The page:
The Met, Madonna, Jewelry, Fashion, and the Catholic Imagination.
This evening is the first Monday in May, when the Met Gala is held and the Costume institute opens one of the largest exhibits its ever devised, Heavenly Bodies: Fashion and the Catholic Imagination. After reported multiple negotiations between Anna Wintour and the Vatican, the exhibit was deemed a go and as of today we will all get a glimpse of what could potentially be one of the most interesting exhibits to date. Catholic symbols are so interwoven into many cultures, it is clear this will be an intriguing look at how fashion relates to everything from the Pope to the Virgin Mary. One of the countries that this is very prevalent is Brazil. After living there over 5 years, I was very aware how the Catholic religion of the Portuguese had mixed with African and indigenous cultures. It infused their fashion and jewelry in a very deep manor.
Symbols abound in Brazil…While writing my thesis on indigenous identity in Brazil and the United States, I discovered just how powerful religious iconography could be, when I saw parallels between early depictions of indigenous women as America and the notion of Mary and the anti-Mary or savage woman. While this was one element of a very long thesis, Catholic imagery has long interested me. From texts such as that by Paul Koudounaries, whose photographs of the early jewel adorned Christian martyrs and saints in underground tomb amaze, to Madonna’s virginal performance, I was hooked. Madonna famously used key components of the religion: like virgins, saints, and martyrs in her musical performances. Her early work especially, really demonstrates her mastery of symbolism.
For the Catholic religion, symbols become the incarnate or earthly representation of that which is held to be sacred and holy. It become even clearer over the years these notions of “saints” and “sinners” were part of an elaborate symbolic relationship between Catholicism, Christianity, power, and culture. The adornment associated with Catholicism is a complex narrative of clothing, ritual, and jewelry. One that they brought with them to the Americas, Africa, and beyond. One can also see some of these Catholic references in Georgian and early 1800s Italian jewelry, Victorian Momento Mori pieces, early Byzantine jewelry, and other antique examples which we will illustrate below.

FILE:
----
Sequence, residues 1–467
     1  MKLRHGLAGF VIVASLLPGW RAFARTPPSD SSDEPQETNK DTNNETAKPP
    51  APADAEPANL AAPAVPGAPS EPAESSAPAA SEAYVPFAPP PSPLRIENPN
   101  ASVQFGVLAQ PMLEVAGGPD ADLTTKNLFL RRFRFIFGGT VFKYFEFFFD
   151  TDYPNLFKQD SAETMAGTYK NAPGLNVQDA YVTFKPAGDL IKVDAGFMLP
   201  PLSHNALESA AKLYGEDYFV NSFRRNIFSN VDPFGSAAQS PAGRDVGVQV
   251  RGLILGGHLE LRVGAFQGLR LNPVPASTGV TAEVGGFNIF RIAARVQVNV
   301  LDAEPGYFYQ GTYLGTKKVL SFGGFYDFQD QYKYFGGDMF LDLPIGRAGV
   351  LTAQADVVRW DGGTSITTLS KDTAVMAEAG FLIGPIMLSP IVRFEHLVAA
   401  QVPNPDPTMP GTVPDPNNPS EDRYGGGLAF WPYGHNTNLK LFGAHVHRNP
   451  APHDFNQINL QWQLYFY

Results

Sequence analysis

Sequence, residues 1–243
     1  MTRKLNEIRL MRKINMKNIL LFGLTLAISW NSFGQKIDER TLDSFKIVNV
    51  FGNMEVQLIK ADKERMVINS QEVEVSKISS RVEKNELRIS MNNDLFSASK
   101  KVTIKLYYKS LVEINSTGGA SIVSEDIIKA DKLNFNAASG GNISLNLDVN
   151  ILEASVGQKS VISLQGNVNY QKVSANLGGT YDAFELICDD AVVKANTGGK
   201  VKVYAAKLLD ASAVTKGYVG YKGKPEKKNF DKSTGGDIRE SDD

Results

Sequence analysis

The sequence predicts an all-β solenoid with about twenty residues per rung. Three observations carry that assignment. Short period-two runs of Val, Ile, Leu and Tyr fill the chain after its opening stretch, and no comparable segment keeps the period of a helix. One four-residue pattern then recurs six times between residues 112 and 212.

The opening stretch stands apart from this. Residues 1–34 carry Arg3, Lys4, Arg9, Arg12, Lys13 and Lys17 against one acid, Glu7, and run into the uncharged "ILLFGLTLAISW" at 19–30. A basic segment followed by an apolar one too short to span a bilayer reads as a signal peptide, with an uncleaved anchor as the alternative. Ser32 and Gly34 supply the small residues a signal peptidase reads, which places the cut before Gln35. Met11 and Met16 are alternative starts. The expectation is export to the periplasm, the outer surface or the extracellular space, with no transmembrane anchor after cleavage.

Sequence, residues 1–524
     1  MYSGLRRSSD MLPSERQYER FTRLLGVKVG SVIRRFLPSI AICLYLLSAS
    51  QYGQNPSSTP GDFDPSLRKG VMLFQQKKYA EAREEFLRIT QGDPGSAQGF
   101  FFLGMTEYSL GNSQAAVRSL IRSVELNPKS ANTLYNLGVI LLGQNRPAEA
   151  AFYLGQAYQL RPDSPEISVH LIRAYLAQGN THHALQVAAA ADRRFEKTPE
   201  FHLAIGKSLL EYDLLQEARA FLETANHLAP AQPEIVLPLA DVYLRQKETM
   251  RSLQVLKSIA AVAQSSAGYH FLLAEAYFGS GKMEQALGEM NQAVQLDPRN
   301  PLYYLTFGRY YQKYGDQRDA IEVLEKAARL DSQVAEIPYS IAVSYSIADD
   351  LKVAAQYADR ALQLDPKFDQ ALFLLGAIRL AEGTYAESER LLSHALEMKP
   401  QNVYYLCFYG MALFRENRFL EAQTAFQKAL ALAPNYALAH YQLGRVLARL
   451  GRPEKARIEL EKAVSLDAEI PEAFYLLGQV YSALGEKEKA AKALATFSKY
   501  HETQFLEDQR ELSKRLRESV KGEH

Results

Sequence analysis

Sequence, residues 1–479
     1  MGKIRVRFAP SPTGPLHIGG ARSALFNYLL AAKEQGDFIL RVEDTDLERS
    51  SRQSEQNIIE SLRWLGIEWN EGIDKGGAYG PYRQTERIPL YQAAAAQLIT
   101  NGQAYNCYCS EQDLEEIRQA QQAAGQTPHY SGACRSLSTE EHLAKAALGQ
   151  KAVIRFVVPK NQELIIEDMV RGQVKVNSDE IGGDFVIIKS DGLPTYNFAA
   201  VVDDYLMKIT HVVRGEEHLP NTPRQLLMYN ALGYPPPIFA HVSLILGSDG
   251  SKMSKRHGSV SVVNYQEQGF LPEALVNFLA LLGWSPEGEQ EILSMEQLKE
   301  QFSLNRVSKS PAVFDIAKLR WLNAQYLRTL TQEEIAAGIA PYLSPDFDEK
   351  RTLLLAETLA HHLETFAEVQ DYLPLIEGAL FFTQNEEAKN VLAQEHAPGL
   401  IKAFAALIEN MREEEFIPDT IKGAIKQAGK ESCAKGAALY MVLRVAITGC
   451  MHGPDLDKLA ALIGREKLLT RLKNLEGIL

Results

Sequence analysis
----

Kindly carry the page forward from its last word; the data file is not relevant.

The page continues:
Catholicism has a lot of saints, and in each location where they brought the religion with them this varied. For instance, the negotiation between Catholicism and Brazil led to the creation of Afro-Catholic religions, various new Brazilian saints, and adornments. One example of jewelry which portrays this relationship are the pendants depicting Our Lady of Aparecida. The saint has a long history associated with a mysterious statue pulled from the Paraiba river in the 1700s, all the way to the references to the “Black Madonna”. Scapulars or double saint necklace, featuring one saint worn hanging down the back, and another the front often also depict Our Lady of Aparecida. Popular cultural uses of these scapulars are all over the country, especially for surfers who use them as protection. So in honor of the Met exhibit I wanted to look at a few examples of jewelry and accessories.